Winemaker solves packaging problem with experience and ingenuity

WG-MR-3-Winemaker solves 3by Sally Colby
Like many vineyard owners, Richard Naylor was already making wine for himself when he purchased a farm in Stewartstown, PA. Although he didn’t have plans to create a vineyard and a winery, a friend suggested that Naylor plant grapes to sell to winemakers. Naylor agreed, and the first year he planted seven acres in seven grape varieties. “It was mostly labruscas for grape juice,” Naylor recalls. “We also planted Niagara, Worden, vinifera and Zinfandel, but the Zinfandel didn’t hold up in the winter weather.”
Today, Naylor Wine Cellars grows more than 30 grape varieties on the gently rolling hills of York County, surrounded by lush farmland yet easily accessible to Baltimore and Washington, D.C. Naylor says that although he didn’t originally select the site with grape growing in mind, it turned out to be ideal for that purpose. “The whole area is one of the finest sites for east of the Rockies for growing grapes,” he said. “We’re at about 1,100 ft. and the soil is rock schist. When we drilled a well for the new building, we went down 15 ft. and hit sand.”
Although Naylor had accumulated knowledge about making wine as he made it for himself, he wanted to learn more. He traveled to Europe where he discovered Chambourcin, which he says is his favorite grape variety. “We have six acres in Chambourcin grapes,” said Naylor. “It’s disease-resistant and has good acidity. We make about six different wines with it.” After visiting with other growers, Naylor had a good idea of what he wanted to plant. He started planting vines in 1975 and had his first harvest in 1978. Naylor Wine Cellars currently has 22 acres in production with about 30 grape varieties.
Naylor’s daughter Janie Potter says her father saw the need for packaging as soon as he opened the winery. “He didn’t see any packages that he wanted to use,” said Potter, explaining her father’s background in the packaging industry. “He worked for a corrugated box company, and if they had a product they needed a package for, he’d take the product and design a package for it.” Potter says the packaging business at the winery started in a section of the current winery, but they quickly outgrew the area and constructed a building dedicated to packaging.
Packaging materials are all corrugated, and designed especially for packing and shipping wine. Naylor contracts with several companies to make the packaging materials and converts the materials to a variety of convenient packaging options. One popular option is the two-bottle gift box, which is easy to ship. Janie says wine carriers are also popular, and that they see a lot of carriers in use when they attend wine festivals. “Quite a few festivals offer a wine check,” she said. “If people are walking around the festival with the winery name on the box, it’s good advertising for the winery.”
Some customers opt for customized packaging, which involves preliminary artwork followed by more detailed work and the creation of a printing dye. Others prefer plain packaging that they can customize with their own labels. Potter says the goal of Naylor Packaging is to meet the needs of small, family-owned businesses that can’t afford to buy 10,000 pieces at one time.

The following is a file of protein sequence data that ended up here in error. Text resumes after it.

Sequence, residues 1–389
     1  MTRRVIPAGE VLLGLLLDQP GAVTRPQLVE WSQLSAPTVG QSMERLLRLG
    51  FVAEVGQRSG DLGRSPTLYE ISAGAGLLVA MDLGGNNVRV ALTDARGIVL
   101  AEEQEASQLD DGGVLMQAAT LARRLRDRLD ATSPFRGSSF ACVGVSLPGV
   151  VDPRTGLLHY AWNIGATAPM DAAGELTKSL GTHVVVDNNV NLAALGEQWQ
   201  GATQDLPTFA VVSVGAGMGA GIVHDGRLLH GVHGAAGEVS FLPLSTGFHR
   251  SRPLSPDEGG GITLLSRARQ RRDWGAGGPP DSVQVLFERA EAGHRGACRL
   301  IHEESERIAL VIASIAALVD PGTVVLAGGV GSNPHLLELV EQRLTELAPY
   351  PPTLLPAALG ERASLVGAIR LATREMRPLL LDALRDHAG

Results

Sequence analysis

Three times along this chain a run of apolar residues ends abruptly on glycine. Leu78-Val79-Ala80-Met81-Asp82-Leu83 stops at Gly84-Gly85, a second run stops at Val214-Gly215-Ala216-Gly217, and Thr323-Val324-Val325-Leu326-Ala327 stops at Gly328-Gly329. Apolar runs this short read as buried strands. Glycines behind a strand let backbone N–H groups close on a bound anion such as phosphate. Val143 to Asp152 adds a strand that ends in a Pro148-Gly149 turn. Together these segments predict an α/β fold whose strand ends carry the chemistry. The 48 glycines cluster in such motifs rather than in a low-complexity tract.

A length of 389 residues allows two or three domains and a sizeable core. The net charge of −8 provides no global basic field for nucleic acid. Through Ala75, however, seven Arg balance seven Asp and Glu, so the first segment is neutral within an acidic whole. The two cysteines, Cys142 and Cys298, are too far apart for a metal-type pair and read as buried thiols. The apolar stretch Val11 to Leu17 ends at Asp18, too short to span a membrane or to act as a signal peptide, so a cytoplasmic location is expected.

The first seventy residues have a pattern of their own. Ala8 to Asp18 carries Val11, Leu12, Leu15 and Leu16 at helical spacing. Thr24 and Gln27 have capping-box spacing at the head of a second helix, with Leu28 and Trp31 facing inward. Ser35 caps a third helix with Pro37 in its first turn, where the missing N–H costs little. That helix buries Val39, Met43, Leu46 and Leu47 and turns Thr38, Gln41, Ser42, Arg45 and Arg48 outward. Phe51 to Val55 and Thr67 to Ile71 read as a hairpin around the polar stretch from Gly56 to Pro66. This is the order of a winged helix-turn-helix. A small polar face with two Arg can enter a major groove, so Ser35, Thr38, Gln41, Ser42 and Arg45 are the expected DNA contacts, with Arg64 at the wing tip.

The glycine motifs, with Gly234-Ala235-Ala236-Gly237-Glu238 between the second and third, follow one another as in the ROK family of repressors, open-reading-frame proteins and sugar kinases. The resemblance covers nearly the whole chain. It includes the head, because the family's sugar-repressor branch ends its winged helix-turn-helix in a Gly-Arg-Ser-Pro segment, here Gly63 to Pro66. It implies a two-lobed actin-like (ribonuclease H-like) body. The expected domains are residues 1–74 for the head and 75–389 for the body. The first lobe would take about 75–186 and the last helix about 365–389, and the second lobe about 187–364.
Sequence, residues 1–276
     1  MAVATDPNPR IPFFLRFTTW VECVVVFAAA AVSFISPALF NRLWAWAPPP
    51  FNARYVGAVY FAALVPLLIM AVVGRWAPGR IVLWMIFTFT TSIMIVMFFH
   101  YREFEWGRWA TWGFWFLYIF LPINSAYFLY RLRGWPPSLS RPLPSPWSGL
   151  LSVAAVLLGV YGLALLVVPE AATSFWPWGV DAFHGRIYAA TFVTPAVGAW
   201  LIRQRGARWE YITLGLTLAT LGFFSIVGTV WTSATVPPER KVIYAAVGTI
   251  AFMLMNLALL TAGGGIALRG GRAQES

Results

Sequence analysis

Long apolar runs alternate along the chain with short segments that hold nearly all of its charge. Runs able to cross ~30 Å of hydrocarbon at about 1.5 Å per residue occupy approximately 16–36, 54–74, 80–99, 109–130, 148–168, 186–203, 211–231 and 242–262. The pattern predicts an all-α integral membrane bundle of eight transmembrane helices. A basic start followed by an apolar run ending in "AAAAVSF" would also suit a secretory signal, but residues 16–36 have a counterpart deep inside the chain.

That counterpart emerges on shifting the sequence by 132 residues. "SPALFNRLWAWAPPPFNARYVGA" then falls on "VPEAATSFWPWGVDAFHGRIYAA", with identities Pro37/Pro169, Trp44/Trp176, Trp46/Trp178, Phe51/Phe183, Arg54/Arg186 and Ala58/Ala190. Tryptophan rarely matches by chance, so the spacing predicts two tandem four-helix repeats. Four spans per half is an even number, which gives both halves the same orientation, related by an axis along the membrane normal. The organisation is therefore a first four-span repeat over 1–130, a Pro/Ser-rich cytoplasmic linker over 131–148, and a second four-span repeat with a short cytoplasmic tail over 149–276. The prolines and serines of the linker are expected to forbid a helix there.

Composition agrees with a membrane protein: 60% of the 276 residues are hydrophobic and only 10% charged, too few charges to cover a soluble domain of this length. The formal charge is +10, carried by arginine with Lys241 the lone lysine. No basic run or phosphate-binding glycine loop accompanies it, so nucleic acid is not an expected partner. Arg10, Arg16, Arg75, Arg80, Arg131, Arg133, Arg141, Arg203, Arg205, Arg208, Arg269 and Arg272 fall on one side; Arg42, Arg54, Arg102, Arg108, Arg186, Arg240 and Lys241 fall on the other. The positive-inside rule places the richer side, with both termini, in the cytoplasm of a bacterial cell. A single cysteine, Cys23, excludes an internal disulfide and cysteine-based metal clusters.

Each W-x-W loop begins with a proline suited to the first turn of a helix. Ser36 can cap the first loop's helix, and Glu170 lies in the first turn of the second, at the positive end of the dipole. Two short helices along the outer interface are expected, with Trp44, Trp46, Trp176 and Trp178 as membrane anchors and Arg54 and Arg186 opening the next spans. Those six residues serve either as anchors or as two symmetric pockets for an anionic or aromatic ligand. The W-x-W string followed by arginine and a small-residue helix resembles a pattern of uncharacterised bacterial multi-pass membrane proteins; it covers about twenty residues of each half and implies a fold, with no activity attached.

She says at one point, her father saw the need for a three-bottle shipper, but couldn’t quite figure out how to make that work. He wanted it to be one piece so that it would be easy to put together. “He said that he woke up with a vision about how to make the three-bottle wine cradle insert,” said Potter. “He drew it up and finished the design.”
Prior to joining the family business, Potter worked in human resources — a job that has proven useful for her as she plans events such as the summer concert series held at the winery. Potter’s husband Ted is the winemaker, but that wasn’t his original vocation. “It’s his third career,” said Janie. “He was trained as a chef, then went into the Navy as a chef. When he got out of the Navy, he received his education to become a teacher and started teaching food preparation. Before we came to the winery, my dad had an enologist and a chemist working for him, and Ted got some hands-on learning from them. He has since taken enology classes to expand his skills.” Ted’s training means that he’s good at selecting wine and food pairings, and that he keeps those options in mind when he’s making wine.
Dan Potter, the son of Ted and Janie, is the grower and vineyard manager. The relationship between the grower and winemaker is close, and that father and son work together throughout the season to ensure a good vintage. “They talk about what wine we want to make, how many grapes we need to make it, and how much will we sell,” said Potter. “Then it’s a matter of picking and sampling, and Dan making sure that the grapes are picked on time.”
Naylor Wine Cellars are currently in the process of redesigning their own wine label. “The main focus has been a monk kneeling next to a vine,” said Potter. “I didn’t want to get rid of that, just update the concept. The new label will be gray with a black monk in the background. It’s a new design but we’re not leaving the old behind. The label will include ‘Naylor’ with the wine name on the side, and a little story about grape growing in York County. It acknowledges that we are a family-owned business.”
Visit Naylor Wine Cellars and Naylor Packaging on line at www.naylorwine.com

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